A bar feeder or barfeed is an optional piece of support equipment that allows barstock to be automatically loaded into a CNC lathe, greatly increasing productivity.
The feeder is attached to the headstock with a lathe adapter and filled with bars that are then moved through into the work area.More advanced bar feeders can be filled with stock and left unattended so that a CNC turning center can operate lights-out for an entire shift or more.
The most basic purpose of the bar feeder is to keep an operator from having to constantly monitor and feed stock into a machine. When a bar feeder is used, that operator is free to do other tasks.
Furthermore, each process can be completed faster since loading is now automated. Bar feeders will differ in size and capacity, both in terms of footprint and the diameter and type of stock they will support. It is important to find the right bar feeder for the project.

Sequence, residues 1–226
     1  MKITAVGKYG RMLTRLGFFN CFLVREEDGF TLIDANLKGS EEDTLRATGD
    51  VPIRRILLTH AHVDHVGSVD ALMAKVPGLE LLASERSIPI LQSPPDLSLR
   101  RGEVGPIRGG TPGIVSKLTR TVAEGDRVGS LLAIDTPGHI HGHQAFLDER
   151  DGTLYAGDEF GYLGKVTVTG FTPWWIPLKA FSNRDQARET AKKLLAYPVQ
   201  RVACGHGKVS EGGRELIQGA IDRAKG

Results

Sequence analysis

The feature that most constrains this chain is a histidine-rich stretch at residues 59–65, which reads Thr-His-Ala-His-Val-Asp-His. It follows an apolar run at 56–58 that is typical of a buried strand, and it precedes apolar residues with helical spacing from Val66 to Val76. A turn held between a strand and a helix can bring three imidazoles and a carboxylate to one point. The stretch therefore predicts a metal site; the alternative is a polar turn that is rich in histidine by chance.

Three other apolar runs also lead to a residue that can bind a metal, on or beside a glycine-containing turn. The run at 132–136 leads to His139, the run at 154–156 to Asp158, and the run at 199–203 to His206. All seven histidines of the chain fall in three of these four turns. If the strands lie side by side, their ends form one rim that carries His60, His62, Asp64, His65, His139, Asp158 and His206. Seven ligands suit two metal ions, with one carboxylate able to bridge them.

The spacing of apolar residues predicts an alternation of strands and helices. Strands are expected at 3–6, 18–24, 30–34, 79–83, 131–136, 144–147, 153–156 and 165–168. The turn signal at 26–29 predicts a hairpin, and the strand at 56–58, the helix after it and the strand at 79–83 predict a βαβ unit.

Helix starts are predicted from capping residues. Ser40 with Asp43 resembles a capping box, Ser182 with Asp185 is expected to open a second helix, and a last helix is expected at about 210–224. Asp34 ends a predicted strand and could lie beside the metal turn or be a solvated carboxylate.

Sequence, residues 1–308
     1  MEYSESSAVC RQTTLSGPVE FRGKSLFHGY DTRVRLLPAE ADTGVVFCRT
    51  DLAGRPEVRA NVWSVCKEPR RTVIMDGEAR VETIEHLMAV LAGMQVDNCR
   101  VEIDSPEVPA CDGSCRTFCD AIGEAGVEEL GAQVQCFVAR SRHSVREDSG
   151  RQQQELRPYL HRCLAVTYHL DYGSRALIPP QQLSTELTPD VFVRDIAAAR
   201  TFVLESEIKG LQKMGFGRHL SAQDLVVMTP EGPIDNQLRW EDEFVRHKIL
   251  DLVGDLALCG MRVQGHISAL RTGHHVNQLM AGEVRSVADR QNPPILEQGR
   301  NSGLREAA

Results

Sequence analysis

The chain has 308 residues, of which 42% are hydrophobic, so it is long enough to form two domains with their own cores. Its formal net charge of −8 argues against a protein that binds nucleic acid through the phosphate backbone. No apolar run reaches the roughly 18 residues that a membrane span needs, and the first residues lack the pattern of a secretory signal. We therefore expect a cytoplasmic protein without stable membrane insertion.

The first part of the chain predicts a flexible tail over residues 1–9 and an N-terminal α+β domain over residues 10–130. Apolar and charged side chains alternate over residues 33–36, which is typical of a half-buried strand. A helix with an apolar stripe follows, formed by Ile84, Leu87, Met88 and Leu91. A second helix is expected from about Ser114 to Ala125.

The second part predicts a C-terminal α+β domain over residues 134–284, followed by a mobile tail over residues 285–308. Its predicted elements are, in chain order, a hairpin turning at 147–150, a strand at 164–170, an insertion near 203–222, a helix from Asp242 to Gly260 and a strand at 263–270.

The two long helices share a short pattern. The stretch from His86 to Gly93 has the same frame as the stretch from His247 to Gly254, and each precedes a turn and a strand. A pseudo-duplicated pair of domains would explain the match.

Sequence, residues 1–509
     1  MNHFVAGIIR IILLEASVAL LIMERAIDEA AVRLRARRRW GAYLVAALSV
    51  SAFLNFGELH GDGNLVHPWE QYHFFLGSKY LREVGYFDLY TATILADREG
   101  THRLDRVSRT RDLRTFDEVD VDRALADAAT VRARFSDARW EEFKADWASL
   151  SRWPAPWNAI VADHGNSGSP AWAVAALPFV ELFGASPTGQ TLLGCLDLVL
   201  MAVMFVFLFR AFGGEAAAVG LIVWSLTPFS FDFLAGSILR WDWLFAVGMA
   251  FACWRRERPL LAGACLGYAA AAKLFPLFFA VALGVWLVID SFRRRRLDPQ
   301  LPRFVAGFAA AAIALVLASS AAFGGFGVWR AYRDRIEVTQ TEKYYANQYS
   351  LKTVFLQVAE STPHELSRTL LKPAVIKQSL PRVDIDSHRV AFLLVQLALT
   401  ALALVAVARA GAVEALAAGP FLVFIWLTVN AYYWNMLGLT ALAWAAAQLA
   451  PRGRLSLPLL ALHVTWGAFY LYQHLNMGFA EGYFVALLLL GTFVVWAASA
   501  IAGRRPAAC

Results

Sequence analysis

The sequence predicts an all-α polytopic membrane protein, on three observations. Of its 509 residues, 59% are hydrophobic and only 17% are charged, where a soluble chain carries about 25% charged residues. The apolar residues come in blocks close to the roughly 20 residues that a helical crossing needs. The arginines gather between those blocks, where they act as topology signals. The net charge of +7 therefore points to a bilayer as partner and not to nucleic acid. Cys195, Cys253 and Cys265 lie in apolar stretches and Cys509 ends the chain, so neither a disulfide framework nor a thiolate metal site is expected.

A bar feeder consists of some sort of bed that supports bundles of barstock (it could be
circular), a bar pusher that moves the stock through the end of the feeder and into the chuck, a clamping mechanism, and a system to adjust the position of the feed.The bed is generally not flat, but curved or angled so that all the bars are always resting at the bottom of the bed and are ready to be inserted into the lathe.
Often these will have rollers or other ways of ensuring smooth bar movement down to the bottom.The bar pusher can be controlled in a few different ways–either using pressurized oil or air, or using a servomotor with a push rod.
The Global Bar Feeder market accounted for $XX Billion in 2022 and is anticipated to reach $XX Billion by 2030, registering a CAGR of XX% from 2023 to 2030.
JP Industries m30 x 460 mm CNC Bar Feeder Machine – Several clamps and anti-vibrational devices hold the rod in place as it turns, ensuring accuracy and stability.
The bar feeder will also have various ways to adjust the position of the bar so that it lines up in the center of the hole for the chuck.Most bar feeders are classified as either hydrostatic or hydrodynamic, referring to whether the oil in the channel merely acts as a support or actually moves the bar through the tube.
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